Originally published in 1937, J.R.R. Tolkien’s The Hobbit, or, There and Back Again, was arguably the first published work that’s set in his legendarium. The book consisted of episodic chapters centering on the adventures of Bilbo Baggins as he follows a group of Dwarven Warriors to raid the coffers of the fearsome Smaug the Dragon. It was originally intended to be a children’s book meant to inspire kids and adults to rise above their baser natures to become heroic figures. Unfortunately, Peter Jackson took this as a cue to turn it into a bloated, long drawn trilogy that focused too much on spectacle rather than story, which is unfortunate, considering he did the exact opposite with the Lord of the Rings trilogy. We’ve talked about how to watch the LotR and Hobbit movies in order, I highly suggest you follow it so as to keep your palate clean after the travesty of the latter’s trilogy.
But alas, the allure of creating another multi-million dollar franchise was too much to resist, so much so that Jackson took a 310-word book and turned it into a 12-hour CGI show that’s split into three movies. Set 60 years before the events of The Lord of the Rings, Peter Jackson wanted to show a “brighter, happier Middle Earth” that was yet unaware of the evils it will face. Unfortunately, this first movie was so focused on building an entirely new franchise that it felt like the whole film was just all setup and no story. Makes sense, considering the whole of The Hobbit: An Unexpected Journey takes places across 3 hours and 2 minutes while using up only a handful of pages from the source material.
From The Lord of the Rings to The Hobbit
It’s not all doom and gloom, of course: Martin Freeman is the perfect Bilbo Baggins, a representation of all the qualities both the English and the Hobbits prize in their gentleman: plucky, decent, well-mannered, and of course, a homebody. Sir Ian McKellen returns as Gandalf the Grey, but this time as a kinder, gentler Wizard than the grizzled old war veteran he was in the LotR trilogy. The movie has plenty of fun and adventurous moments, starting with a near-roasting by mountain trolls.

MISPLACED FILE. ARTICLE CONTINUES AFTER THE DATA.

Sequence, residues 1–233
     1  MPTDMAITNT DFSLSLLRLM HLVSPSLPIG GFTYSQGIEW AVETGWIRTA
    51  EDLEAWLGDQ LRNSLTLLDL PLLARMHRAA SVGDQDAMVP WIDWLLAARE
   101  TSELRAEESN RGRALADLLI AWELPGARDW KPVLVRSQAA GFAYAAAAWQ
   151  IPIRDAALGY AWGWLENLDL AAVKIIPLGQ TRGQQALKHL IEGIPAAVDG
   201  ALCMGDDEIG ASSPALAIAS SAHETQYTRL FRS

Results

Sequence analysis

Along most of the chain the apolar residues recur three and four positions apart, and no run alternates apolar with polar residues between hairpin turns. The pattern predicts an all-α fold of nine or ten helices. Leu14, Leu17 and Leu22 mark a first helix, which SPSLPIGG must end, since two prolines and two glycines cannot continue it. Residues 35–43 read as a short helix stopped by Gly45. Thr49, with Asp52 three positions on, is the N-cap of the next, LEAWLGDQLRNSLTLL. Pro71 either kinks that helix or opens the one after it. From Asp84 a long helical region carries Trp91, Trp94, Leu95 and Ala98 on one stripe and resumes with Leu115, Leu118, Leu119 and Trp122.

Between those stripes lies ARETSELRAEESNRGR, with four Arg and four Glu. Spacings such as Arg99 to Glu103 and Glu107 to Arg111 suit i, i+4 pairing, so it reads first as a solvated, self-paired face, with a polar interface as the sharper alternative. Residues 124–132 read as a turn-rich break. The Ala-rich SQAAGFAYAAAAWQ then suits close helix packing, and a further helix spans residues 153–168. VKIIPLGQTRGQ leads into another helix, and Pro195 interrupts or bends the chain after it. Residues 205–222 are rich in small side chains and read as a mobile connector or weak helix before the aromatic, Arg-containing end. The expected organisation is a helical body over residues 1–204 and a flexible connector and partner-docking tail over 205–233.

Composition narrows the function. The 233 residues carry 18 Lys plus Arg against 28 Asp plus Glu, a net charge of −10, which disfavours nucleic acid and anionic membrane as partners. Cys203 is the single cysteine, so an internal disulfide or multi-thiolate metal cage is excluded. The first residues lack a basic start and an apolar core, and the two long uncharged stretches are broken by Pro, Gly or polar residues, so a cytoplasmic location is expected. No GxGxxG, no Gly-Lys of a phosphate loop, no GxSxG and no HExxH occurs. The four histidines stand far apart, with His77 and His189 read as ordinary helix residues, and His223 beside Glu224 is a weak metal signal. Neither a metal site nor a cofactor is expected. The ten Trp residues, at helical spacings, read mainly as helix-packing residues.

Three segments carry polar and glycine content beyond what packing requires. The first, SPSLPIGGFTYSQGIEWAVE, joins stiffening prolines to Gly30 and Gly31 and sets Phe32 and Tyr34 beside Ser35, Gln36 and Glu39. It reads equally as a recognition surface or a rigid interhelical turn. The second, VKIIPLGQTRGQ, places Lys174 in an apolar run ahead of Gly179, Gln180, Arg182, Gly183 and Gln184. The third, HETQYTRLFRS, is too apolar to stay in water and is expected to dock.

However, as the movie progresses, it’s clear that Peter Jackson was enthralled with the idea of showing the greater conflict that will soon engulf Middle-Earth, sprinkling in, rather clunkily, the intrigues and the suspense that was happening in the sidelines, all because it would lead to the events of the War of the Ring. And there’s a reason for that: J.R.R. Tolkien released The Lord of the Rings in 1954, a full 17 years after the release of The Hobbit, or, There and Back Again. During the interim, he had built and solidified his legendarium, gathering his writings from all the way back to 1914, and incorporating it into the Rings novel. As he did so, he heavily appended The Hobbit with footnotes as well as creating an entire lengthy appendix in The Lord of the Rings.
Peter Jackson, for some reason, must have thought it would be a good idea to take all these appendices and footnotes and insert into a trilogy of movies whose source material was only 300 pages long. Whatever it takes to beef up the story, right?
Unfortunately, it did the opposite: to quote Bilbo himself in the first Lord of the Rings movie, The Hobbit feels “thin, like butter over too much bread”. With the amount of material Peter Jackson wanted to insert in The Hobbit, he unfortunately didn’t give any meaningful emphasis to any of the characters or story points.
Foreshadows from The Lord the Rings Franchise
Peter Jackson also tries to foreshadow characters from the LotR franchise, albeit in pale, almost-contrived forms: Thorin Oakenshield, of course, was supposed to herald the character of Aragorn, while Sauron is referred to as the “shadow of an ancient horror”, cleverly represented in the film as wolves, orcs, and Azog, an evil Goblin.
Which isn’t to say that the movie is completely terrible; it’s still a fun, action-packed movie that people unfamiliar with the source material would probably enjoy, despite its bloated storyline, too-long runtimes, and confusing plot building. Shot at 48fps rather than the standard 24fps, the film is in High-Def, which is great for detail, but it can sometimes create an Uncanny Valley-esque feel that takes away from an already thin movie.
Visually, the film does capture the magical and fantastical landscapes of Middle-Earth, something J.R.R. Tolkien took great pains in describing in the books, and it does capture the spirit of adventure that Bilbo Baggins learns to kindle within himself.
Overall, it’s a great filler film for the LotR trilogy as a whole. As the first film of its own franchise, it is fairly ok, able to setup plot points that succeeding movies take up and execute successfully. As a stand-along movie, it’s confusing, dragging, and while visually arresting, is simply too complex to be understood.
You’ll just have to watch the films in order, I guess!